Los Angeles Health Directory
Jun 182012

Interview with Barbara J. Brighton, M.A., M.F.C.T.

Ms. Barbara J. Brighton, M.A., M.F.C.T. is a Psychotherapist specializing in Individual and Group Psychotherapy, Adults and Adolescents as well as Psycho-Oncology. She has graduated from Cal State Northridge with a BA in Psychology and has earned her Master’s degree in Psychology from Antioch University. She is in private practice for 29 years. Barbara Brighton’s professional accomplishments have earned her ‘excellent reputation. She has achieved acclaim while working with many cancer patients and their families helping them to cope with the disease and successfully overcome it.

Barbara J. Brighton: Would you like me to start by explaining what psychotherapy is?

Editor: It would help!

Barbara J. Brighton: Psychotherapy is a place where you can talk about your most personal, private thoughts, feelings and life experiences. As the therapist I provide a safe and comfortable environment, listen without judgment, analyze and interpret the information and ultimately assist and guide you in a way that allows you to put together the pieces of the puzzle of your life.
As children, we get information from our family and environment that determines the way we look at ourselves and the world and what our expectations are. Ideally, children get positive messages about themselves, feel loved, know how to trust their environment, and all those good things. Unfortunately, that isn’t always the case and the negative and distorted messages and experiences that occur stay with a person into adulthood. Through the psychotherapeutic process, we begin to look at the messages and experiences and unravel them. The client develops adult eyes to review and reconsider the way they look at themselves and the world and reevaluate their choices.  The therapy can also include learning new coping mechanisms, how to communicate effectively and how to intervene on your own behalf when negative messages come into your head that undermine the success of your life.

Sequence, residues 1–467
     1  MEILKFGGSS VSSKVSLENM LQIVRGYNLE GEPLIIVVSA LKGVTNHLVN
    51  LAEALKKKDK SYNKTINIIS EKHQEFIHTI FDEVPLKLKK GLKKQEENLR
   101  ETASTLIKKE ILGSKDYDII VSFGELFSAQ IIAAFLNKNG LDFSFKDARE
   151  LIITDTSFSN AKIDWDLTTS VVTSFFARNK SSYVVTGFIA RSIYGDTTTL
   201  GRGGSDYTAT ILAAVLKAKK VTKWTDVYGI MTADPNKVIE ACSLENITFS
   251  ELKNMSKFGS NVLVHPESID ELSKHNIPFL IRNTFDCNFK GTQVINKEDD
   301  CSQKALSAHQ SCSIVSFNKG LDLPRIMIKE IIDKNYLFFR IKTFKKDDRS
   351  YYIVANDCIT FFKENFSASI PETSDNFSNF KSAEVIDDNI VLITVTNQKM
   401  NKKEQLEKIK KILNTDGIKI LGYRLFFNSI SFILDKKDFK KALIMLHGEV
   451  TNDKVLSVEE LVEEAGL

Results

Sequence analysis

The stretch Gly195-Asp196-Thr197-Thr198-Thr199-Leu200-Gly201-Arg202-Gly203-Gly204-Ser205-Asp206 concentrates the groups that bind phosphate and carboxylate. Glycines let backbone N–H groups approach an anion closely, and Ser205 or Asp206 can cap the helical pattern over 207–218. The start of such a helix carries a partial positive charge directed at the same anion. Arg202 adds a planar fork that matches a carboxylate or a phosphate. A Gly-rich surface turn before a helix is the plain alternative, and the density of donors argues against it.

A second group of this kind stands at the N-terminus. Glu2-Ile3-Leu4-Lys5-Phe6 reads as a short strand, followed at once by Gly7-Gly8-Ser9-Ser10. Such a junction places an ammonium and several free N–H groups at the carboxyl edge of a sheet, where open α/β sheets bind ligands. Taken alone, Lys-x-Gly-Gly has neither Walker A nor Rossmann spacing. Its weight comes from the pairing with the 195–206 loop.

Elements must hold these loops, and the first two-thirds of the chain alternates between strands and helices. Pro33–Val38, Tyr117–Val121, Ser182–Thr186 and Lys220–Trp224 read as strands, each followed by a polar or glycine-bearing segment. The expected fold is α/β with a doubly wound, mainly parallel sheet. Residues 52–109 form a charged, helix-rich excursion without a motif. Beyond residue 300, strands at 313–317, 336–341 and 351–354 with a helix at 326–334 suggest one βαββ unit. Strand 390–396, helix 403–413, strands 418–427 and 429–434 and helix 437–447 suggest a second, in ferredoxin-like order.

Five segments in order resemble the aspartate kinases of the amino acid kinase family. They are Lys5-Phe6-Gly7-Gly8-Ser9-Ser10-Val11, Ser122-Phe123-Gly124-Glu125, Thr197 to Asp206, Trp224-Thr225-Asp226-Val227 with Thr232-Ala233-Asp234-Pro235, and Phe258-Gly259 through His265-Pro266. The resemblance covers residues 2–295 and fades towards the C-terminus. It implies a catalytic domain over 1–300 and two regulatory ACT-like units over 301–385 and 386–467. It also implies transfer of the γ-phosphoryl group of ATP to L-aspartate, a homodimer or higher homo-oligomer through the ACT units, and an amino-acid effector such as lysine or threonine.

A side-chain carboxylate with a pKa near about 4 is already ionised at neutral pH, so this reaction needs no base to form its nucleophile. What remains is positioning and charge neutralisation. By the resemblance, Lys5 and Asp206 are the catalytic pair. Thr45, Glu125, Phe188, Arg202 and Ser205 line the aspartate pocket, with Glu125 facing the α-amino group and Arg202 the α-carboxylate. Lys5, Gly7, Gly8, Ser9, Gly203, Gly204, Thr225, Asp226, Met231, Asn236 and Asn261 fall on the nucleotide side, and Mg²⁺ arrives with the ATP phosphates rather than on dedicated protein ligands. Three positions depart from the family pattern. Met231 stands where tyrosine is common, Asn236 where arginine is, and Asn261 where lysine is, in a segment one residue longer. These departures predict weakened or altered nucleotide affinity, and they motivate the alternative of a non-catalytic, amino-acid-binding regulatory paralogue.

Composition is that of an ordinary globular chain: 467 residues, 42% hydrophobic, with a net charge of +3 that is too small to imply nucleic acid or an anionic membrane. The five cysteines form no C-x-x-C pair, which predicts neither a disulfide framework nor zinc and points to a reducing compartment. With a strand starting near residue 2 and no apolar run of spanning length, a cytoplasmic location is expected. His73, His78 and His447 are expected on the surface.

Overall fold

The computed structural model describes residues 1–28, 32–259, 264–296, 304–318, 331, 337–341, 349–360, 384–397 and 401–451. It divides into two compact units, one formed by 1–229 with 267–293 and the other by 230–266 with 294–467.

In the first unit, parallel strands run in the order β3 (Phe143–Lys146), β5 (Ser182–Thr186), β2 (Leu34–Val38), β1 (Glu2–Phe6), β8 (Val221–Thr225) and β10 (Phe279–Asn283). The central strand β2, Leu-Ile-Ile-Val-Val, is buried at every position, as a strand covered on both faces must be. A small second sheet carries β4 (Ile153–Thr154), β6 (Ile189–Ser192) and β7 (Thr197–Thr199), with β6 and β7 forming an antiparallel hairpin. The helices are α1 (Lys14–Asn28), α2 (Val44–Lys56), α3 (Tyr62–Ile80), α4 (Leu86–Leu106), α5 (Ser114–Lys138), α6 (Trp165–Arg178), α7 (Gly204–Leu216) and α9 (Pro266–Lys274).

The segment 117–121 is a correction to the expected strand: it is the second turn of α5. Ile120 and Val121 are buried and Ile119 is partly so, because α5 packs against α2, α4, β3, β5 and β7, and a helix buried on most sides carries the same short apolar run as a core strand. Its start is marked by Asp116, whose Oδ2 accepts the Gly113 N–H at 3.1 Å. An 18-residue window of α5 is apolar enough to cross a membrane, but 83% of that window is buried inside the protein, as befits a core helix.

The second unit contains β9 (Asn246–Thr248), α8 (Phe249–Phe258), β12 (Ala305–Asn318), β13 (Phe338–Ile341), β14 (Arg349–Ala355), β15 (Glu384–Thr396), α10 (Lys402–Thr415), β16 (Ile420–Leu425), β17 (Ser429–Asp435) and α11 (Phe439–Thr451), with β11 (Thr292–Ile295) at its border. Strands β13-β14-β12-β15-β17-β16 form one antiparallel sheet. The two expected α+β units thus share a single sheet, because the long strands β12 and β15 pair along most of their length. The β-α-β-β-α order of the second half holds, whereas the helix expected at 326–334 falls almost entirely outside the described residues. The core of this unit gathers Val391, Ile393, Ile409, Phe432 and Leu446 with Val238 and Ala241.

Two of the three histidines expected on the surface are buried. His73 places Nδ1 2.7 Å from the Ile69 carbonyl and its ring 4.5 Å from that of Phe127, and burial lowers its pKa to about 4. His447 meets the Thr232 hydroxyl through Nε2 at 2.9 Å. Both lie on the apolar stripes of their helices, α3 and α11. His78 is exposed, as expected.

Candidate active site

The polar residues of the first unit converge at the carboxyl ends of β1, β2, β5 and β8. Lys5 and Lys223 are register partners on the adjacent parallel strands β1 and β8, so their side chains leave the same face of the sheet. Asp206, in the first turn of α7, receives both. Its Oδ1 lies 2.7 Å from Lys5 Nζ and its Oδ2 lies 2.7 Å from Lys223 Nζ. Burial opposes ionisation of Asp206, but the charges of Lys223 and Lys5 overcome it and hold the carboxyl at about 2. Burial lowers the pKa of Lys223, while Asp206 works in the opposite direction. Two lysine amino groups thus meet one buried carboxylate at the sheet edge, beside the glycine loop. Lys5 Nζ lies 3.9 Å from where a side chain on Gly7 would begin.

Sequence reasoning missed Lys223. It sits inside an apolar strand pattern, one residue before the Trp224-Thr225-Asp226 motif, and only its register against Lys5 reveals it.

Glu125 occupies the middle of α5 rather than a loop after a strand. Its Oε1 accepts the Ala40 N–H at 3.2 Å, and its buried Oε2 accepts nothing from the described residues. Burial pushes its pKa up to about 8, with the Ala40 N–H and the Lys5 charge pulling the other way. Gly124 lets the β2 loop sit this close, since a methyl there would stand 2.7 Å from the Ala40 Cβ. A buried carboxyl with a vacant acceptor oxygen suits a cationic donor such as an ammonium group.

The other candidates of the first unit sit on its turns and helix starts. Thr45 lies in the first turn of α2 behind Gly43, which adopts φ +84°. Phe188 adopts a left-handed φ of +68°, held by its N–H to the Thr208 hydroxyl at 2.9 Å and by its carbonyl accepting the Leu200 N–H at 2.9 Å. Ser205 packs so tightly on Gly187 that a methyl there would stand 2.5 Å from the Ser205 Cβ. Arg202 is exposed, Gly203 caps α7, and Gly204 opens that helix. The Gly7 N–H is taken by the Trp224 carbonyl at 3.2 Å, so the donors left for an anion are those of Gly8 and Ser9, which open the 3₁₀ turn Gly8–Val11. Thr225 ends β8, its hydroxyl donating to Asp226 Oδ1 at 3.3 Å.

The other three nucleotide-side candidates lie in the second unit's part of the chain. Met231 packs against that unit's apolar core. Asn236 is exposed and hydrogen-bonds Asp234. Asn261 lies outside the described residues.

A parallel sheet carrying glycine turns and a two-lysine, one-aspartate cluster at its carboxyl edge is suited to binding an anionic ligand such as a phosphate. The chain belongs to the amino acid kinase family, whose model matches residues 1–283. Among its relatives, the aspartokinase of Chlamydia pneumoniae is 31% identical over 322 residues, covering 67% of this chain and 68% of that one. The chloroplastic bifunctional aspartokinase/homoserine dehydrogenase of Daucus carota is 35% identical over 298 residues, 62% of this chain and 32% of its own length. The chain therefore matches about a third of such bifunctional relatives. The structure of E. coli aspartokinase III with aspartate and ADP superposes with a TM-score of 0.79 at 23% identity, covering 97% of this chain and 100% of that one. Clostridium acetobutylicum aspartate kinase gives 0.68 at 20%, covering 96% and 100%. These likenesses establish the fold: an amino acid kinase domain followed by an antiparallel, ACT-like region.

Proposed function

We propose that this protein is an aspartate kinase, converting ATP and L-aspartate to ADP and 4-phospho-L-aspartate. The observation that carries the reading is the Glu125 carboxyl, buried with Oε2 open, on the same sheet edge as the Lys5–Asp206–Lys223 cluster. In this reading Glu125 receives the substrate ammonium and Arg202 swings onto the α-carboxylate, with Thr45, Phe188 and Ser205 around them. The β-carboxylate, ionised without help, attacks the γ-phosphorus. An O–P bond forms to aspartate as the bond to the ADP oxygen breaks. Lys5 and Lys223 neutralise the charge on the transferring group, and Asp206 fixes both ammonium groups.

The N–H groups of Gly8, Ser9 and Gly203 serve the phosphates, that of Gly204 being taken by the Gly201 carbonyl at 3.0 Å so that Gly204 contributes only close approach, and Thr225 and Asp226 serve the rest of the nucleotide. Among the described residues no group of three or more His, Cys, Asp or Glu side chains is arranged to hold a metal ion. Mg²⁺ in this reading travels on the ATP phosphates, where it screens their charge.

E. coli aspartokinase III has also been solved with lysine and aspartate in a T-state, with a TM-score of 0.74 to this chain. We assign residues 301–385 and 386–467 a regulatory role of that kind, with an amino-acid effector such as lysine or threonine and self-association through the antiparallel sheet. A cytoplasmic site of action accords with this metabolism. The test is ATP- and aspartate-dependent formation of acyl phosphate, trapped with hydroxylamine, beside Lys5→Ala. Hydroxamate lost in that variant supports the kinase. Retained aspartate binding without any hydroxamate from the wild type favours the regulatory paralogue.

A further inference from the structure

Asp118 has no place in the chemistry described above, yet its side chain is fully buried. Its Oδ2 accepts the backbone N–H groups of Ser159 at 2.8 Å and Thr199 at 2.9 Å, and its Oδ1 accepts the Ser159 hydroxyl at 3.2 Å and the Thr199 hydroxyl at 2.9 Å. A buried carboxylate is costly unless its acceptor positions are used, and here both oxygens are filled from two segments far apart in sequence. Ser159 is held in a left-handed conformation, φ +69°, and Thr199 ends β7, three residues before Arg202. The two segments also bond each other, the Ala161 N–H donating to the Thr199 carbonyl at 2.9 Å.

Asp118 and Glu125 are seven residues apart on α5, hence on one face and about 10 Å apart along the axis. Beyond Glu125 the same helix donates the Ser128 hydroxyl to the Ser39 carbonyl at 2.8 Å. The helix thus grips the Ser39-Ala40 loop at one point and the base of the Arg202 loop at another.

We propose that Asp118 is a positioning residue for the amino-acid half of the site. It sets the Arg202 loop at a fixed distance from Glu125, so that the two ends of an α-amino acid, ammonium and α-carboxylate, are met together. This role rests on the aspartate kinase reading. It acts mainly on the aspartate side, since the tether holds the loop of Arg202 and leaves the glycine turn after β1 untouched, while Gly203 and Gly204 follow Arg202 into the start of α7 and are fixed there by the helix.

Editor: So if I came to therapy with you, it would help me become a more effective adult?

Barbara Brighton, L.A. Psychotherapist

Barbara Brighton, L.A. Psychotherapist

Barbara J. Brighton: I would say that I would work with you to find a healthy adult within yourself. When you open yourself in therapy, many aspects of your life are affected. I use the metaphor that as you go through life you throw things that you don’t want to deal with in a closet and shut the door. You keep throwing things in the closet and eventually it is so full that the door doesn’t want to shut so you have to lean on the door all the time to keep everything from falling out. This can cause stress, anxiety, depression and more. You expend so much energy making sure you keep that door closed that you don’t have anything left for your life. Part of what we do in therapy is to gently and slowly open up that door. We take things out and look at them and decide where they fit in your life. This can be a very painful process, but not as scary as you might think it would be. You can live through it. You find your truth and your humanity and you have the opportunity to have a relationship with yourself that is loving.

Editor: Who can benefit from therapy the most?

Barbara J. Brighton: I think most people can benefit from therapy to different degrees. The more motivated you are to improve the quality of your life, the more you’ll benefit.

Editor: How would I know that I need therapy?

Barbara J. Brighton: Sometimes people come because there is a crisis in their life. Often people come to therapy to talk about their relationships and the problems within those relationships. Although it is reasonable to address those issues, my approach is to focus equally on the relationship you have with yourself. How would you describe that relationship? Is it abusive, loving, critical? Do you honestly look at what is going on in your life? When you heal the relationship you have with yourself, you have a much better chance of having successful relationships with others. When you get to that place it might mean that you will choose to let people go who aren’t supporting your emotional health, and deepen the relationships that enrich your life.
I would also say that it is a good idea to get into therapy if you find that many of your days feel like an effort. When you find that you have no energy and most importantly, when you find that you don’t feel joy in your life and that you don’t look forward to the day.

Editor: Thank you for talking with me and sharing your insights with the visitors of Los Angeles Health Directory, Barbara.

Barbara J. Brighton, M.A., M.F.C.T.
16055 Ventura Blvd., Ste. 1010 in Encino
Phone: (818)905-4692
E-Mail: bjbjazz@earthlink.net